Saturday, 20 July 2013

The Austrian Theory of Money

By Murray N. Rothbard
The Austrian theory of money virtually begins and ends with Ludwig von Mises's monumental Theory of Money and Credit, published in 1912. Mises's fundamental accomplishment was to take the theory of marginal utility, built up by Austrian economists and other marginalists as the explanation for consumer demand and market price, and apply it to the demand for and the value, or the price, of money. No longer did the theory of money need to be separated from the general economic theory of individual action and utility, of supply, demand, and price; no longer did monetary theory have to suffer isolation in a context of "velocities of circulation," "price levels," and "equations of exchange."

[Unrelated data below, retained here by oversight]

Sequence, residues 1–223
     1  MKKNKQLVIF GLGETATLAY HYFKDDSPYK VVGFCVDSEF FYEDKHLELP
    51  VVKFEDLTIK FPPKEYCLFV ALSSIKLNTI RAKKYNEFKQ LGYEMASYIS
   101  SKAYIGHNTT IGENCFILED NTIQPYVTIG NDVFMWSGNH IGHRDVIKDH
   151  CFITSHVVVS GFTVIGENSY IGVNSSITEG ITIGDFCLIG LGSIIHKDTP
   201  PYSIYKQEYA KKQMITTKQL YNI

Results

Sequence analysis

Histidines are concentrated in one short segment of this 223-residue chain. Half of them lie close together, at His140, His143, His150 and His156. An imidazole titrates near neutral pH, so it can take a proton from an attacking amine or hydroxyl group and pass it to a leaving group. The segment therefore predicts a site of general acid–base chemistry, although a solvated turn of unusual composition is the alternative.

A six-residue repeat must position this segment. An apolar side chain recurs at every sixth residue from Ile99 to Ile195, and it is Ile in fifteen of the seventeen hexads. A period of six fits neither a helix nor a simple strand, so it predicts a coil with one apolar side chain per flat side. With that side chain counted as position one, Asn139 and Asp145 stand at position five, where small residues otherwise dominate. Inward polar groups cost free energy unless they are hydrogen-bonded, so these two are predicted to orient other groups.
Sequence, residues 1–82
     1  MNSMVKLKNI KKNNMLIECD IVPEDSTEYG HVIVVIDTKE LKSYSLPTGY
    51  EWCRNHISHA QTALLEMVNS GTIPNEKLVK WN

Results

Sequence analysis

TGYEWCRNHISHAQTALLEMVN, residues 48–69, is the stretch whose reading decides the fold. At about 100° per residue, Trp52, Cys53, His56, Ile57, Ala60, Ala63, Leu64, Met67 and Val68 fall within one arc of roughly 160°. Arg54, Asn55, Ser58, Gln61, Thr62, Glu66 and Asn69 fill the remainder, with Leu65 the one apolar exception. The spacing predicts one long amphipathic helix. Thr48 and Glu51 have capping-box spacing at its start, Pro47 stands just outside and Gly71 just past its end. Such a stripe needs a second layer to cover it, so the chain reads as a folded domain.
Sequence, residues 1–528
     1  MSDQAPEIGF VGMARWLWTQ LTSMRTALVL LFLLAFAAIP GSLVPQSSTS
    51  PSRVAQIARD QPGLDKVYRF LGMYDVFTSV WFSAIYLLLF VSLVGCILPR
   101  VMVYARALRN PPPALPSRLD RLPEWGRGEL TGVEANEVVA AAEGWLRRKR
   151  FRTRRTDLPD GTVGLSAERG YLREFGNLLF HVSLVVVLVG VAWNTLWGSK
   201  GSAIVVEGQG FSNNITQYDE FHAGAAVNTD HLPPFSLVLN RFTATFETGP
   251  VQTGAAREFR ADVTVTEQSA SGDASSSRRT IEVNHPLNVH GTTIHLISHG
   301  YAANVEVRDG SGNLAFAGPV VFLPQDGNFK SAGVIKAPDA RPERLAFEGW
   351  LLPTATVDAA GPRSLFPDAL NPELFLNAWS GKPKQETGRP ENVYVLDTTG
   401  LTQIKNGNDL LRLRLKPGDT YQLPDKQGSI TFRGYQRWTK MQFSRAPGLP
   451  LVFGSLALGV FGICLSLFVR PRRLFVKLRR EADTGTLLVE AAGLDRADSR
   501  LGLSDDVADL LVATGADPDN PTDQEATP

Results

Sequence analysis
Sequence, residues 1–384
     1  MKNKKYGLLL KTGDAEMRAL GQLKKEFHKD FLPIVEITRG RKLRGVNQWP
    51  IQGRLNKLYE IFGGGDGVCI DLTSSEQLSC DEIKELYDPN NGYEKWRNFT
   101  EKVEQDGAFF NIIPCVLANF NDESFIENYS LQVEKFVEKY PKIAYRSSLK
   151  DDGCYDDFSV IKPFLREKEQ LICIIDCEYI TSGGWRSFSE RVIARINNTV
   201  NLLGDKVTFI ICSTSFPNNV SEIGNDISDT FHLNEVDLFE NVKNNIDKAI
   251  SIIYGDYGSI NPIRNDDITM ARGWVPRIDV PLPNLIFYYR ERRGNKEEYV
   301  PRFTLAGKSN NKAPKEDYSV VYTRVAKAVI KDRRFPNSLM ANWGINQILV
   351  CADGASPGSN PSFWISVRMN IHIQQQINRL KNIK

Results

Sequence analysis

In applying the analysis of supply and demand to money, Mises used the Wicksteedian concept: supply is the total stock of a commodity at any given time; and demand is the total market demand to gain and hold cash balances, built up out of the marginal-utility rankings of units of money on the value scales of individuals on the market. The Wicksteedian concept is particularly appropriate to money for several reasons: first, because the supply of money is either extremely durable in relation to current production, as under the gold standard, or is determined exogenously to the market by government authority; and, second and most important, because money, uniquely among commodities desired and demanded on the market, is acquired not to be consumed, but to be held for later exchange. Demand-to-hold thereby becomes the appropriate concept for analyzing the uniquely broad monetary function of being held as stock for later sale. Mises was also able to explain the demand for cash balances as the resultant of marginal utilities on value scales that are strictly ordinal for each individual. In the course of his analysis Mises built on the insight of his fellow Austrian Franz Cuhel to develop a marginal utility that was strictly ordinal, lexicographic, and purged of all traces of the error of assuming the measurability of utilities.

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